Feb 25, 2017

8th Sunday: In God we trust




"Learn from the way the wildflowers grow"


At the time the United States decided to mark its money with the slogan “In God we trust,” we may have wisely stated that though money is essential, trust in God is more essential as a value we hold dear.  Our ultimate trust is in God and not in money so it remains a silent reminder to all Americans that we, at least in words, have not forgotten from where we find our true protection.

Yet, with all the emphasis on the economy, jobs, the rise and fall of the stock market, business deals and fair trade, one may wonder where our final trust really lies. Obviously, we all need money but it can do strange things to our minds and values if we overemphasize the power we give to it. And it isn't only money as much as it is where our treasure, our source of fulfillment and meaning, really lies. While we all enjoy the "stuff" of life, it can never fulfill our deepest spiritual needs.  Everything is limited and the relentless pursuit of the newest and coolest leads us only to pursue more of the same in a never ending search to satisfy. So the Gospel passage this Sunday is indeed fundamental.

In the Gospel, Jesus begins with a warning to all: “You cannot serve both God and mammon,” aka money. The two Masters of our lives cause us to make a choice between the two.   Yet, this Sunday seems a nice rest after the last two Sunday's which heard some strong and harsh images relating to Jesus' moral teaching.  All is taken from the "Sermon on the Mount," Matthew, Chapter 5 - 7.

We began with the well-known 8 Beatitudes in which we heard gentle and reassuring comfort spoken by our Lord:  "Blessed are the poor in spirit . . . the merciful . . . peacemakers . . . the single hearted . . . for theirs is the kingdom of heaven."  We might rest peacefully in this promise from Jesus to the lowly and humble.

Then, the sermon turned more focused on the dangers of sin, the importance of the marriage covenant and the dangers of infidelity and a wandering spirit of lust and adultery.  Jesus warned us about the "consuming fire" and recommended that if our hand or eye causes us to sin we should "cut it off" and the terrible "fire of Gehenna."  While gentleness and kindness are essentially a part of Gospel morality, so is the reality of sin: infidelity, among other wandering attractions.

Then the clincher about love for our enemies, and to "pray for your persecutors;" we must go two miles rather than only one, and reconcile rather than seek revenge. Jesus sets a high bar for his disciples, yet we are the "salt of the earth and the light of the world."  We are privileged to bring this good news to the world around us and to stand as witnesses to the truth.  No wimps or doormats here.

This Sunday again swings to the more comfortable yet equal challenge of being different than the world around us.  We must trust completely in God's providence, even when it seems he is silent or invisible.  To begin with a reflection on the power of materialism is to remind us that we have a free will which God will not interfere with, that that will allows us the privilege to choose God and all things good, or to give ourselves over to a lesser power. But, in the end, it is about trust – in God.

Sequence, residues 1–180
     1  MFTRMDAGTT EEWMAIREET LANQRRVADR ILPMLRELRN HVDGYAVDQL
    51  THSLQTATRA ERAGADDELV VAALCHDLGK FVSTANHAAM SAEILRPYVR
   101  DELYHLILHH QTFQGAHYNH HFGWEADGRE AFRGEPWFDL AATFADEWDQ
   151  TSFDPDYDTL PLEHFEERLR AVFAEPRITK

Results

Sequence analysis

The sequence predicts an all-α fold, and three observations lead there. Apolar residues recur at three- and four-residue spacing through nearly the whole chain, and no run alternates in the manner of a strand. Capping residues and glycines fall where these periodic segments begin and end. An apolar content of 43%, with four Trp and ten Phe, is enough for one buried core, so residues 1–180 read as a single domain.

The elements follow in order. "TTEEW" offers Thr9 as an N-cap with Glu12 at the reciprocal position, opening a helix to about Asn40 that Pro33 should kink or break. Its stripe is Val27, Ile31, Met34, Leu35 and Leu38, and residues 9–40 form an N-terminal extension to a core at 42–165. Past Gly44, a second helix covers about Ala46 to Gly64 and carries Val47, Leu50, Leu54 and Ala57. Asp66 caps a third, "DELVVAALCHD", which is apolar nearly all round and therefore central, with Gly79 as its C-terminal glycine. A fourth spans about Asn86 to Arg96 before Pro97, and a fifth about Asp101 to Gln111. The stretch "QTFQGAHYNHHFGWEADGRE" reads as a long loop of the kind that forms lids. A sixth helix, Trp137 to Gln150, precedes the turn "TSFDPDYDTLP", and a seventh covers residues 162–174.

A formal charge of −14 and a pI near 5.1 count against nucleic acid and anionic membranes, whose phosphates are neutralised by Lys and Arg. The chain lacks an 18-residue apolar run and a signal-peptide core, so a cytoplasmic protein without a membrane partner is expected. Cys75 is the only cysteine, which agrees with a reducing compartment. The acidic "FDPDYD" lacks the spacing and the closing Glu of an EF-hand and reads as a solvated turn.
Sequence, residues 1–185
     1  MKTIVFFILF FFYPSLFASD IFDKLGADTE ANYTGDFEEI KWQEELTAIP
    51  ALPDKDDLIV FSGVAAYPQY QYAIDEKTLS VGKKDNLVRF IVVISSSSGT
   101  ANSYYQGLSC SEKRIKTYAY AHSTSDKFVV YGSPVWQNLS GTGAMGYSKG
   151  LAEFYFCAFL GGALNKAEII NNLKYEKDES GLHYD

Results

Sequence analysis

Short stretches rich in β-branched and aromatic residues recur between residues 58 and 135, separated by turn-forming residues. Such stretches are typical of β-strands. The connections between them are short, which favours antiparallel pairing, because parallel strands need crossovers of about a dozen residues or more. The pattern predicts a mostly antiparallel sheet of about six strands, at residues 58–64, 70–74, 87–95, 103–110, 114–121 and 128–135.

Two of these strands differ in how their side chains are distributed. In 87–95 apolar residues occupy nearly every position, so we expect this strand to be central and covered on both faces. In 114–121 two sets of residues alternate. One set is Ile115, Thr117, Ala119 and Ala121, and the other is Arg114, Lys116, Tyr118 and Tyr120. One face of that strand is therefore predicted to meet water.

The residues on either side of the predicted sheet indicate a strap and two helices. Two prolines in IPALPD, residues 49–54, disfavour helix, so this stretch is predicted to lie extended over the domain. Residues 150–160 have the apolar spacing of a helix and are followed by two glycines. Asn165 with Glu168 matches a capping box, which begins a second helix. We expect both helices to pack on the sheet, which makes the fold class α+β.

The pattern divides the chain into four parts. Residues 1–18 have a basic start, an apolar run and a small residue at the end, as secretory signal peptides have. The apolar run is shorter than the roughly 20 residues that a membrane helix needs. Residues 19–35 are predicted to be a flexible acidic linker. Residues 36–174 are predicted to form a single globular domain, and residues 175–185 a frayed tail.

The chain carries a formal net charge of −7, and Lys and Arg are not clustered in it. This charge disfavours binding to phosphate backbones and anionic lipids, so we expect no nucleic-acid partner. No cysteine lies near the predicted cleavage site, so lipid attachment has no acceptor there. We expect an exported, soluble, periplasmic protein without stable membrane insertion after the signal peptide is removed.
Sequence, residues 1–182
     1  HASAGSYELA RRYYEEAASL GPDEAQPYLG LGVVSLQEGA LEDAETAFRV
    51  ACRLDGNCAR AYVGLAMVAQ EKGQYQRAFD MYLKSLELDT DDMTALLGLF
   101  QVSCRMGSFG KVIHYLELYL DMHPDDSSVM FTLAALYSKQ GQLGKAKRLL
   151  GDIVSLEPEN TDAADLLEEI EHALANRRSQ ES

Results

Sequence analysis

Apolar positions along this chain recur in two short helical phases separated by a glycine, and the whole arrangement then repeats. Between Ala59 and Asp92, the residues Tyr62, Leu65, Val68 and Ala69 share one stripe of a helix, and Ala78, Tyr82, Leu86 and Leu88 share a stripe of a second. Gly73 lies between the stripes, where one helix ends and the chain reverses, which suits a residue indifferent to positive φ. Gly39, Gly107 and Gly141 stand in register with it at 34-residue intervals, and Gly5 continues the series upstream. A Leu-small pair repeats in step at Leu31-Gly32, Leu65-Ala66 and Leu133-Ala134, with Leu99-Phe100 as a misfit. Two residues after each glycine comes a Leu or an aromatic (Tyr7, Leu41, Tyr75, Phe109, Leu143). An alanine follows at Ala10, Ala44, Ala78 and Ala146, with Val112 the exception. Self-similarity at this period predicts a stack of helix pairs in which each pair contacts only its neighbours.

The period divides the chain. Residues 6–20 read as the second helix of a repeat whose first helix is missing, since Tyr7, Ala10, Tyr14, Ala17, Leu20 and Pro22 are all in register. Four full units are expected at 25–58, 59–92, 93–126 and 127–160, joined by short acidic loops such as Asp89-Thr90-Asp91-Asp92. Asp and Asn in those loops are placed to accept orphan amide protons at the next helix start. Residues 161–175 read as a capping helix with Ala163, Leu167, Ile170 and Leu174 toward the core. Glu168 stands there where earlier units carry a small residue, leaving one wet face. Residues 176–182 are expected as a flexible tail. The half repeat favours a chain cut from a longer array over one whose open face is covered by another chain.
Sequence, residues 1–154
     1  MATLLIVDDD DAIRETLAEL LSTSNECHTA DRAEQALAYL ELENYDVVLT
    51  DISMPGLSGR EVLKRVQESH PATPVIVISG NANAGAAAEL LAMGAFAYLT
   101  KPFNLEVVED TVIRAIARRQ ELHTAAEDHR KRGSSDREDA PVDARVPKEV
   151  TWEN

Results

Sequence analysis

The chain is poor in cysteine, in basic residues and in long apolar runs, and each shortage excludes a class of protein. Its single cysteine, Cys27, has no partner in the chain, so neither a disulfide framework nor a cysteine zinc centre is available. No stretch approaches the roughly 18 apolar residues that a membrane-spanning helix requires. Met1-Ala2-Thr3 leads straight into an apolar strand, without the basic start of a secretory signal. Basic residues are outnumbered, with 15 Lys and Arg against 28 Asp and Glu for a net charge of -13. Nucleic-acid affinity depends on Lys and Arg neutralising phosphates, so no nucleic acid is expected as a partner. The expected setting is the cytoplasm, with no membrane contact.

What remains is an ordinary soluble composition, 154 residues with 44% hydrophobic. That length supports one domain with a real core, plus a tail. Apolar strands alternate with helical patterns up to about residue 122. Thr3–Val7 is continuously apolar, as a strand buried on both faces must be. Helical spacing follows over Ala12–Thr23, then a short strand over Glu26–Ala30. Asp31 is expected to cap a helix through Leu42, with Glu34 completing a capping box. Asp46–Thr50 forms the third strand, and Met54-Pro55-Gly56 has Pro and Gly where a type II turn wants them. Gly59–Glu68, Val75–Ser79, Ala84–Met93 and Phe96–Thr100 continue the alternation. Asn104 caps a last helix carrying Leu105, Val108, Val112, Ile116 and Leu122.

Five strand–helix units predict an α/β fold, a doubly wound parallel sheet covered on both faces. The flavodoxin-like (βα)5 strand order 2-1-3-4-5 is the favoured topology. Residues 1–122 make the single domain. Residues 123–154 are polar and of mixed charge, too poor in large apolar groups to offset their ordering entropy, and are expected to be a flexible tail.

In a simple and near poetic way, Jesus refers to the beauty of nature; what he observed around him as he stood by the Sea of Galilee: "birds in the sky," those who "do not sew or reap," "gather into barns," "the wild flowers," those who "work or spin." In other words, the life his audience was most familiar with and was engaged in themselves.  He frames this all with a reassurance: "Do not worry about your life, what you will eat or drink, or about your body, what you will wear." 

Facing the truth that we are all worried about something, at least to the point of guarding against loss in a wise and prudent manner, such as saving money and buying ahead lest we be without in the future, our Lord’s challenge is a framework for peace in our lives.  Jesus seems to tell us, God will provide.  Will he pay my Visa bill?  Will he buy groceries for the family, what about my mortgage or health insurance?

God will provide, has already provided, resources for our use but not exploitation.  He has given us his Word, his Son; his assurance that even when things seem to fall short, it is then we should go to him for “our daily bread.”  Will he see that I win the lottery?  Probably not!

Will he provide a deeper faith and a more firm trust?  If we ask for that grace, he will but in time. 

In the end, it is indeed that “in God we trust,” for there is no other firm reassurance we can find from any thing.  Isaiah offers us a tender image that reassures us of God’s providence: “Can a mother forget her infant, be without tenderness for the child in her womb? Even should she forget, I will never forget you.”

Our share in the holy Eucharist is God’s promise that he will remain with us – in God we trust.

Grant us, O Lord, we pray, 
that the course of our world
may be directed by your peaceful rule
and that your church may rejoice
untroubled in her devotion. 
Through our Lord Jesus Christ, your Son, 
who lives and reigns with you in the unity of the Holy Spirit, 
one God, for ever and ever. 

(Opening Prayer of Mass)